conceptual work needs to be done in studies of mathematics teaching, and
conceptualizations of mathematics teaching should strive towards capturing the
dynamic interactions between mathematical and pedagogical aspects of the work of
teaching” (Part III commentary, this volume). The commentary ends with a
discussion about the complex nature of teaching and how this section has shown the
need to conceptualize teaching as more than just certifications. Following the more
theoretical nature of this section, the edited volume moves into specific pedagogy
for teaching mathematics.
    The part entitled “Enhancing problem-based learning” was meant to serve as a
collection of chapters that focus on specific examples of using this type of learning
environment in the classroom. All of the work in the section was meant to answer
the call of mandates by the Canadian Manifesto (Whiteley and Davis 2003/2016),
the National Council of Teachers of Mathematics (2000), and others, to include
644                                           Final Commentary: The Challenge Continues

more tasks and explorations in the classroom. The focus in the section is on using
problems in a way that allows students to explore the mathematics, and not just use
routine problems to practice previously known formulas. Tom Kieren, long standing,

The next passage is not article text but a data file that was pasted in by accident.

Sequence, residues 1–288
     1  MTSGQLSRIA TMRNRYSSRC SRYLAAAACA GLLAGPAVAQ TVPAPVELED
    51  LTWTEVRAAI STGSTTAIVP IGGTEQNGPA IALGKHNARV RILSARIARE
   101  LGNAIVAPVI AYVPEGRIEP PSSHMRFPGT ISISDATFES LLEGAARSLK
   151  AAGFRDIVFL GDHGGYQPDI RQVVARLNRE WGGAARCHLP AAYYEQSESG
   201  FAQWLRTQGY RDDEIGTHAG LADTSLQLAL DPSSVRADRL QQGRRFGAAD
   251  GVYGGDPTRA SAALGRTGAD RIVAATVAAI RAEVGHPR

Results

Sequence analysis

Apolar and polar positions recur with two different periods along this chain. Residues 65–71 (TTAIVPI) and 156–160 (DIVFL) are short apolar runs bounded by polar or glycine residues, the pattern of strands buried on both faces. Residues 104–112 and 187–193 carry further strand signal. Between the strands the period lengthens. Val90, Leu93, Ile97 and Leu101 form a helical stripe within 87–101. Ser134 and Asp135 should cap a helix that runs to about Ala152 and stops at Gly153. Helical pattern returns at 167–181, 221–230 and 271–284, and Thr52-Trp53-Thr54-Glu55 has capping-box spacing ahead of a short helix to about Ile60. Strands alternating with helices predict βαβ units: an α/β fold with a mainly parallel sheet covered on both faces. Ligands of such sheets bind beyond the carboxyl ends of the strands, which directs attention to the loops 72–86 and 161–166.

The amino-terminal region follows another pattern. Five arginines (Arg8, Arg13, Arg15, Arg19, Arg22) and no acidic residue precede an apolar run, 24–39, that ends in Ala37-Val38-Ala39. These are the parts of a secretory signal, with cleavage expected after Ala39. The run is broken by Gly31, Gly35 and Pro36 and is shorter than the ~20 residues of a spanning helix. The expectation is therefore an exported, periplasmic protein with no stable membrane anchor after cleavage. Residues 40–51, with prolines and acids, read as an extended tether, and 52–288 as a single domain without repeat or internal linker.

influential mathematics education scholar, provided the preface. The chapters in this
section are illustrative of how the mathematics comes from the “doing,” rather than
for students to repetitively use something that a teacher has shown them to do.
Leikin and Mason provide two very different commentaries on the chapters from
different international perspectives. Leikin takes the viewpoint of looking at the
chapters as unified through the concepts presented in a model of characteristics that
determine mathematical challenge (Part IV commentary, this volume). Her presented
model focusses on the conceptual characteristics of the problem, socio-mathematical
norms, instructional setting, and individual characteristics of participants as the four
foci, and uses the model as a framework to assess the mathematical challenge of
tasks. For her, the chapters in this section present ideas that can be summarized